Preparing for a future in which Democrats lose the midterms without having passed climate legislation, green groups have begun to emphasize a line popularized during the Trump era: that cities and states will take the lead on cutting emissions. New York—which has had a Democratic supermajority for the last few years—is one of the states where that leadership should be easiest. Yet since passing a 2019 bill that set out the goal of generating 100 percent of the state’s power from zero-emission sources by 2040, New York has yet to pass a single piece of legislation to implement it.
That could change this week in Albany. The Build Public Renewables Act, or BPRA, could soon land on Governor Kathy Hochul’s desk. If she signs it, the bill would mandate that the state’s Roosevelt-era public power provider—the New York Power Authority, or NYPA—generate all of its electricity from clean energy by 2030 and establish a process through which it can build and own renewables while shutting down polluting infrastructure. If the bill fails to pass before the end of the legislative session this week, it won’t be Republicans to blame but Democrats ostensibly committed to climate action.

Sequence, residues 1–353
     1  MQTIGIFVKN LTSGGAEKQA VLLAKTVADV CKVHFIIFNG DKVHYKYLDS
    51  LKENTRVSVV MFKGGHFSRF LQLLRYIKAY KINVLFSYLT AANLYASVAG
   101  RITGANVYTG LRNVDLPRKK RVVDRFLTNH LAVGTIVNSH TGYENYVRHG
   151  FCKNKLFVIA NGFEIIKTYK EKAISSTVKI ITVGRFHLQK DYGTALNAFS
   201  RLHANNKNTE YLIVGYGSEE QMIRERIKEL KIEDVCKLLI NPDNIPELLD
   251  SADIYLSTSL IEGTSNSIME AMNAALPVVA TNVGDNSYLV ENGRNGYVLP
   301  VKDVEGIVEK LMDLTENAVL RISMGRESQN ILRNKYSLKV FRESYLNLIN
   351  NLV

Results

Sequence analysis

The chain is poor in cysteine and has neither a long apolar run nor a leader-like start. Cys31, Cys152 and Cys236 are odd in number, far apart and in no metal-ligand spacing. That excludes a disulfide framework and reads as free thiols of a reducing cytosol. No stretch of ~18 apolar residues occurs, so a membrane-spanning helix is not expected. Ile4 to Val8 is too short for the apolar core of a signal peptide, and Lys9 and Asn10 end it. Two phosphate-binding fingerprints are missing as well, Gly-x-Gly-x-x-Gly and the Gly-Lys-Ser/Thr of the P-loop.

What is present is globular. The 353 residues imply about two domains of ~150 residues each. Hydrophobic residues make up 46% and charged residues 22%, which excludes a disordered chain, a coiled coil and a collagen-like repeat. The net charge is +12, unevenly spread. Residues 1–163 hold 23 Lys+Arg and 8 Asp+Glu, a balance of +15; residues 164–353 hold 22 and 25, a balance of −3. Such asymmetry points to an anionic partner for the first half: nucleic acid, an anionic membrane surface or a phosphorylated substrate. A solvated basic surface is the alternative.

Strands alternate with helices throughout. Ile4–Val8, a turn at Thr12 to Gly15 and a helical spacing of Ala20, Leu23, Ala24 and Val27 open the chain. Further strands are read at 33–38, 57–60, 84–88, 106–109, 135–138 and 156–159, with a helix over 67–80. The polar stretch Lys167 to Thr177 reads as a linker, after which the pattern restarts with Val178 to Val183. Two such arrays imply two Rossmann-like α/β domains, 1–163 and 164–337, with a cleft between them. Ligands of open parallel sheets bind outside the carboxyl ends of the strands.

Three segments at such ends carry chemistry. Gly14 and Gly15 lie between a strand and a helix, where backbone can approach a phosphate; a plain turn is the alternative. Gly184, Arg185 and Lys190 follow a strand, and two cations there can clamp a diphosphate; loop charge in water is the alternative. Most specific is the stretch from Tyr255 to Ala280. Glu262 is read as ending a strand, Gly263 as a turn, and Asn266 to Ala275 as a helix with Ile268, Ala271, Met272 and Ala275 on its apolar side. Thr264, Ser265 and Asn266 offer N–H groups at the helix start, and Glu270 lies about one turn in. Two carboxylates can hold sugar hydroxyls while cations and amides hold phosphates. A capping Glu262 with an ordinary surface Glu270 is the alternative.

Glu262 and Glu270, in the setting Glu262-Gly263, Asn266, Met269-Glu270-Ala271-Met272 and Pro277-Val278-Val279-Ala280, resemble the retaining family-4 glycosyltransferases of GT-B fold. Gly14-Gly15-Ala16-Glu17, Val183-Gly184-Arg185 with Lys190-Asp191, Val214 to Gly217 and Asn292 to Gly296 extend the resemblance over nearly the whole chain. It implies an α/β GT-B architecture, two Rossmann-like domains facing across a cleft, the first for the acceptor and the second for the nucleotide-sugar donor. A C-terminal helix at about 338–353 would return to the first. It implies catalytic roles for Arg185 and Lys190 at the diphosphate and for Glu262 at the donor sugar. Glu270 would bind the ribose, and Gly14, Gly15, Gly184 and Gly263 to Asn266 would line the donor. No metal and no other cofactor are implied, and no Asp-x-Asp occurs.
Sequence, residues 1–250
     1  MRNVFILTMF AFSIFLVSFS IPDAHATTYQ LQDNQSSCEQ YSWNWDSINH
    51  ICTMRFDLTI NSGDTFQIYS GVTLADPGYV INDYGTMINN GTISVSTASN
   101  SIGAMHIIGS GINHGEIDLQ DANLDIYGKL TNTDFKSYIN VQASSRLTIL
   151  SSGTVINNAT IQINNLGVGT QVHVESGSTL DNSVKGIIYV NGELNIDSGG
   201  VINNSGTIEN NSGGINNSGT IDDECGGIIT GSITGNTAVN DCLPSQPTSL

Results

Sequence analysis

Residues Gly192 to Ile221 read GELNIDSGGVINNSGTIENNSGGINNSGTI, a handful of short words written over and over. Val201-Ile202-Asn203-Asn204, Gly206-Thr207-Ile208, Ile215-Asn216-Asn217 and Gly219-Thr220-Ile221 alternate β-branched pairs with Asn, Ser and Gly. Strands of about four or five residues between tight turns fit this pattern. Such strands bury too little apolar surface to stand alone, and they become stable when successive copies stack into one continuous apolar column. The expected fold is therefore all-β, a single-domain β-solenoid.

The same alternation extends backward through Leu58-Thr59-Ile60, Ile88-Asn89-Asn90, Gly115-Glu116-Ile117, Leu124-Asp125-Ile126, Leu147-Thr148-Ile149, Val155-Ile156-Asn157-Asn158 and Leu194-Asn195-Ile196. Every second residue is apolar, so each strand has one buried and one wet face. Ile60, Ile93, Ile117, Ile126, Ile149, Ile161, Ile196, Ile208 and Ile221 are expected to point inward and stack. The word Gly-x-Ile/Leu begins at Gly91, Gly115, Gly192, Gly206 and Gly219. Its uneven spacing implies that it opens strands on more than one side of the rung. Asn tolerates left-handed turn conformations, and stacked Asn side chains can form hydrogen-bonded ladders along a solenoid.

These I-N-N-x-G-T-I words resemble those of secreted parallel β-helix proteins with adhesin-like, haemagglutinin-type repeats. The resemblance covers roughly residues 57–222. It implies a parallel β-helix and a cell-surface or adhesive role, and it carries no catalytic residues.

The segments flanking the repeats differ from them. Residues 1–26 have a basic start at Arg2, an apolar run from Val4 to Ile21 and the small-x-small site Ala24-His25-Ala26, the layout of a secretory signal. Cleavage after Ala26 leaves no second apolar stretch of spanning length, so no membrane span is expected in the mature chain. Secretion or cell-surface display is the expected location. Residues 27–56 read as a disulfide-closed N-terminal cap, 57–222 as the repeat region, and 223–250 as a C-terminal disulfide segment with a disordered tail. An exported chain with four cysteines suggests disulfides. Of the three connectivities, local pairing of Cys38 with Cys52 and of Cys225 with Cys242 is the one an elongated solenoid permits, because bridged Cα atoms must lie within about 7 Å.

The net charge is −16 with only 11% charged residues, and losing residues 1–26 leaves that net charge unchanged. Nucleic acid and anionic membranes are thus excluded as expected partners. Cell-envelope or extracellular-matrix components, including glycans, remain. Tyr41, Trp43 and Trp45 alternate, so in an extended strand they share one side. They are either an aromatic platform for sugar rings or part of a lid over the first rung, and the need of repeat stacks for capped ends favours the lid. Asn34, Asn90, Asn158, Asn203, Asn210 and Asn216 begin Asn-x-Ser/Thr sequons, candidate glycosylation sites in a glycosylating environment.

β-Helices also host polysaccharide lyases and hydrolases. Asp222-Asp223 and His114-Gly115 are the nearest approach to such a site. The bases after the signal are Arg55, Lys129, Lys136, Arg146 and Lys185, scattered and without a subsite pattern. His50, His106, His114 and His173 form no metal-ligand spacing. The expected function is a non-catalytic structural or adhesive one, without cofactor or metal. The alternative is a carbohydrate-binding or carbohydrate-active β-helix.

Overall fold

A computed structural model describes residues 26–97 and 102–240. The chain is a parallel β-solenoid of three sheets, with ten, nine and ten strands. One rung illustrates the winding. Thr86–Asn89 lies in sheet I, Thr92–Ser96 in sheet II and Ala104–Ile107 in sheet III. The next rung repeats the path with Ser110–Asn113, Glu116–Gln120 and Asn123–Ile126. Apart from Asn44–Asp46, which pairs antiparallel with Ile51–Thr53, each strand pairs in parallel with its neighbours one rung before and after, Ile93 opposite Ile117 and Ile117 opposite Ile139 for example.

The Senate passed the bill on Wednesday evening, after it sailed through that body’s rules committee on Tuesday. It’s now up to Assembly Speaker Carl Heastie to bring it to a vote in that chamber. (Heastie’s office did not respond to a request for comment on this story in time for publication.)
“BPRA will let the state build out wind and solar energy, which is going to create tens of thousands of good paying jobs. It’s a public option for getting your energy,” said Daniel Atonna, political director at the Hudson Valley nonprofit For the Many. The organization is a member of the Public Power NY Coalition, which has been pushing for BPRA. Other members of the coalition include Food and Water Action, WE ACT for Environmental Justice, and several Democratic Socialists of America chapters across the state, whose eco-socialist working group has championed the bill. It’s also garnered support from Congressman Jamaal Bowman.